Myth #4: You Only Need One Good Affiliate Program to be Successful
Rebuttal #4: Nuh-Uh.

Myth #5: Consumers Don’t Like Affiliate Marketing
Rebuttal #5: “… they actually want to visit your website.”

Myth #6: Affiliate Marketing Won’t Last Much Longer
Rebuttal #6: “… surely (it) won’t (fade away) for a long time to come.”

This article is so shallow and reality-denying that I’m almost speechless.

I think this writer would have provided a much more valuable service by examining each of these “myths” in depth, acknowledging that they describe realistic aspects of affiliate marketing, and generally deal with the topic in a much deeper and analytical method.

But, perhaps the shallowness of this article reflects the readers, too, who don’t want to invest much time or effort in reading or thinking…

Affiliate Marketing Basics for Bloggers by Irwin Lagman

I continue to be amazed. This article is definitely basic, and it never rises above that level.

Here are the most salient nuggets of wisdom I found in this post:

(*)(This is a) simple look at how affiliate marketing works.

(*) “… being an affiliate will allow you to create passive income. That should allow you to work less and enjoy your life more.

(*) “… if you’re interested in affiliate marketing but … don’t want to go through a long period of learning everything first (just keep reading).

(*) A paraphrase of the section “Choosing products to promote and sell” — “Find out what everybody else is doing then plan to do the same thing.

(*) “You don’t need to be technical to build your site …” — in other words, you don’t need to know what you are doing.

(*) “Write articles (or simply outsource them) …” — in other words, you don’t even need to know enough about what you’re doing to write your own material; you can just pay someone else to do that.

(*) “You can ask someone who knows web design to give your website a nice look …” — in other words, you don’t even need to know how to make your website look good; you can just pay someone else to do that.

So, to wrap this all up:

It’s really easy,
you don’t need to do any work,
you don’t need to know what you’re doing,
just pay someone else,
and then you can rake in the dough…

Just the perfect thing for the Laziest Generation, right?


The first link on this compilation page is to “How to Improve Writing Skills In 7 Easy Ways,” which I’ll cover in a minute…

But first, this is directly from the “About Blogging Tips” section at the bottom of this compilation page:

Thank you for taking the time to visit the “About Blogging Tips” page. Blogging Tips was created for you, the reader and to become an authority blog that’s acts as a community for both bloggers, writers and readers to connect with each other.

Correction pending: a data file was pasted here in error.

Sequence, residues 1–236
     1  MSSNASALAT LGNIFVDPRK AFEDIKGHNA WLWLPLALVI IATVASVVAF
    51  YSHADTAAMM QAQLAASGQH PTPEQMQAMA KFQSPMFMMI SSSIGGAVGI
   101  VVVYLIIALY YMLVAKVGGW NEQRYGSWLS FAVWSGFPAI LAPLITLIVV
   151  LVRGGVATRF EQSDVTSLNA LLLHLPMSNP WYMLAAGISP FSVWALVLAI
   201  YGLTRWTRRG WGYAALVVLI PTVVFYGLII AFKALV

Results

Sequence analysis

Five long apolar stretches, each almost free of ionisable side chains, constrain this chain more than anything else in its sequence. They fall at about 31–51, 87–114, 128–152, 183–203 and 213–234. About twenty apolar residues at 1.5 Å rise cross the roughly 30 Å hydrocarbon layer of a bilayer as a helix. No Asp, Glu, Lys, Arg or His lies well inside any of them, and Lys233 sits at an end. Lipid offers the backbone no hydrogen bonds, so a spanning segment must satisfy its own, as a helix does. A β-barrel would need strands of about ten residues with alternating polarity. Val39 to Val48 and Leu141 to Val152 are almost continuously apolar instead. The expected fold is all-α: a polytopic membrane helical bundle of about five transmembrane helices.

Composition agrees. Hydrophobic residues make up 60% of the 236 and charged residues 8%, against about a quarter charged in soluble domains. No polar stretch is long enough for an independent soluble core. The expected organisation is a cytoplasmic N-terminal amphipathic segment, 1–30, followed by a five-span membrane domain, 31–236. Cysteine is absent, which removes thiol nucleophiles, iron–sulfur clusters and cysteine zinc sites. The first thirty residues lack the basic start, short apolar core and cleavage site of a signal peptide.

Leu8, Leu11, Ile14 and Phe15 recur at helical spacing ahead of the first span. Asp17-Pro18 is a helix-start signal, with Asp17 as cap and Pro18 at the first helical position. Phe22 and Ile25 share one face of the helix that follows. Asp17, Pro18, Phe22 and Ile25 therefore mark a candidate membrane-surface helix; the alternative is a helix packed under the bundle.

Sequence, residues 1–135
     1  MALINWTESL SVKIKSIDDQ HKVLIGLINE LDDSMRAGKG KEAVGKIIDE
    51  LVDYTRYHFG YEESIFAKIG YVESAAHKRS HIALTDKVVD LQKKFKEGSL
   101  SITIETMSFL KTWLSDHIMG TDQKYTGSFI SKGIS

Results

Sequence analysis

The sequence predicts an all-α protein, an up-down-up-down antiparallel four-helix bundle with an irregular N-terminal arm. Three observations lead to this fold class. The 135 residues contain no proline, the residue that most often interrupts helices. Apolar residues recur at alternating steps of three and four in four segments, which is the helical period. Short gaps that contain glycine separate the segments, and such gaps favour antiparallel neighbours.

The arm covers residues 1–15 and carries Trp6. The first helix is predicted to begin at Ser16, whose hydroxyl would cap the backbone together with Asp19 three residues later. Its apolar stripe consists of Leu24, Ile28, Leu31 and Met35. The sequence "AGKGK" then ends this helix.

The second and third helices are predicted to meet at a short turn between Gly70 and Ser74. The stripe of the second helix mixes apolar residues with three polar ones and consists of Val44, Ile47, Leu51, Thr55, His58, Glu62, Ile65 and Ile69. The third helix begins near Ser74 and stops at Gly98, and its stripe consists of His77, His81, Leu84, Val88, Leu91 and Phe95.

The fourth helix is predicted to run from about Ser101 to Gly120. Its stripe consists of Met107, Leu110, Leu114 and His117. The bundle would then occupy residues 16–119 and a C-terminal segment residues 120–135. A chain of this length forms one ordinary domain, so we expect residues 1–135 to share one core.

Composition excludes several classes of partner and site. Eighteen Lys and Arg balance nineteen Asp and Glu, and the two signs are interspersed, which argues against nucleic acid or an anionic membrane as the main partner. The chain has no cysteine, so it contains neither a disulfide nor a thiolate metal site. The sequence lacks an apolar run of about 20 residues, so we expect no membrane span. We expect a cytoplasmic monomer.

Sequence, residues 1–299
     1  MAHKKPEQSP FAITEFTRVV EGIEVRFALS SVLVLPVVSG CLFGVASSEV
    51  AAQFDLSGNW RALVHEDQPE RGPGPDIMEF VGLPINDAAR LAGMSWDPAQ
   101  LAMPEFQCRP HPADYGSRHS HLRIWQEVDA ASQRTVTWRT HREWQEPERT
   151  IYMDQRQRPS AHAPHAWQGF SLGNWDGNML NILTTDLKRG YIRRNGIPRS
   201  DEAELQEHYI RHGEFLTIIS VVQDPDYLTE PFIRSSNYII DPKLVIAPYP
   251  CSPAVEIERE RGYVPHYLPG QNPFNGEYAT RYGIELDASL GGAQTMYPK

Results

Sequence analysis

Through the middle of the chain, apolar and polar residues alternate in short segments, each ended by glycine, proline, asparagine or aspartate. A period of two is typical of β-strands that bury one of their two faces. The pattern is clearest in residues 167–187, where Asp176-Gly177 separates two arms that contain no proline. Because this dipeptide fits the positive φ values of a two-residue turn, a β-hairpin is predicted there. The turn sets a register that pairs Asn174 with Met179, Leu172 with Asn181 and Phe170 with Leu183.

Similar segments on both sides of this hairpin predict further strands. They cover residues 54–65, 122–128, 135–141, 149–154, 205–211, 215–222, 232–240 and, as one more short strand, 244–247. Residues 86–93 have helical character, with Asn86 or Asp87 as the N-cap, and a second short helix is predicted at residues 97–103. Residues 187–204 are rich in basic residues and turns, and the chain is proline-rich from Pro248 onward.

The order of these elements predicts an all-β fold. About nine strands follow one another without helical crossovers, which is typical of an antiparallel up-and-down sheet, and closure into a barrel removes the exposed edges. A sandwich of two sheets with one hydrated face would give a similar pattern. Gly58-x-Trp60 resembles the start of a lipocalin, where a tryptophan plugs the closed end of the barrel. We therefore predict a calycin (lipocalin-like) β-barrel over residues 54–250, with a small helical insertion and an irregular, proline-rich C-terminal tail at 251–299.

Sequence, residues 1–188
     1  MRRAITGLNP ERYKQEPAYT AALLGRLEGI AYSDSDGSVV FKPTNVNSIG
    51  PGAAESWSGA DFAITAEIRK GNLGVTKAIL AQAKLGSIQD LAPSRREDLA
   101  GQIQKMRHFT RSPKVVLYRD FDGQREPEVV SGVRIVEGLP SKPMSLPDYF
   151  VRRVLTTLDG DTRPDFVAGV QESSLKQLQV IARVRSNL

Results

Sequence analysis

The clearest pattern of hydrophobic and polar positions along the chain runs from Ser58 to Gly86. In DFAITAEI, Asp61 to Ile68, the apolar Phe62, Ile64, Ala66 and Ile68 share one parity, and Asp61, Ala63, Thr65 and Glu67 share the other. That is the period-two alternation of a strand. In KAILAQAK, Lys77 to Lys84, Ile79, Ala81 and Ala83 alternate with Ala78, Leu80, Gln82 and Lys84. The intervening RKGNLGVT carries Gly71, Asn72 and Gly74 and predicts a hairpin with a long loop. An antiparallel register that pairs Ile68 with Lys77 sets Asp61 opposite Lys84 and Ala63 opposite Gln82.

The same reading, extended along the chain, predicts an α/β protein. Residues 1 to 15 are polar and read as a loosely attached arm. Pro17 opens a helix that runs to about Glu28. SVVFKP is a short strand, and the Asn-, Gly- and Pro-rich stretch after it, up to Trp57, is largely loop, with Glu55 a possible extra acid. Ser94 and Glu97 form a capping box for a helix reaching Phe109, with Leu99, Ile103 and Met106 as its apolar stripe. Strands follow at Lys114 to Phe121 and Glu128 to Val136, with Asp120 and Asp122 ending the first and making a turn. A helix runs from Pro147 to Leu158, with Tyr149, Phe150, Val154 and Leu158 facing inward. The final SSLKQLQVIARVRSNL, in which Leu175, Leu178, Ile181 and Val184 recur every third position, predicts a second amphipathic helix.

OK, let’s look at this again:

… was created for you, the reader and to become an authority blog that’s acts as a community …

Wait, what? That’s not even clear English.

.. for both bloggers, writers and readers to connect …

Ummm, “both” means two; “bloggers, writers and readers” is three.

Dude (Zac Johnson), if you can’t write correctly, DON’T PUBLISH!

. . .

OK, so I’ve gone in and read several of Zac Johnson’s blog posts on BloggingTips.com. All I can say is, Please, Please, Make it Stop!!!

I figured Zac Johnson was a high-schooler, at most, based on the sophistication of his writing, but he actually appears to be in his 30s or 40s (based on his photo at the bottom of the pages). His writing is riddled with errors, and this long-time editor is going NUTS reading his stuff without being able to attack it with a red pen!

Even the guest posts on BloggingTips.com have blatant errors. Who is editing this stuff???

It’s really hard for me to take a piece of writing seriously when it is filled with glaring errors! Is this a generational thing? I hope not!!!

And about that “How to Improve Writing Skills In 7 Easy Ways” blog post? Well, it’s sophomorically simplistic, filled with errors, logically inconsistent. What more do I need to say?

4 Steps to Monetize Your Blog Through Affiliate Marketing by Leyl Master Black

Finally, a practical, realistic, non-superficial discussion of monetizing blogs. The author interviewed several subject-matter experts rather than just posting one point of view. This was a refreshing read!

4 Easy Ways to Monetize Your Blog by Elaine Pofeldt

This is another reality-based article, discussing both the negative and (potentially) positive aspects of monetizing a blog. The author points out such things as:

(*) “Getting a return on your investment can be challenging.”

(*) “Of course, you have to produce high-quality content—and have sufficient traffic—to make it worthwhile for an advertiser to want to sponsor a single post or series of posts.”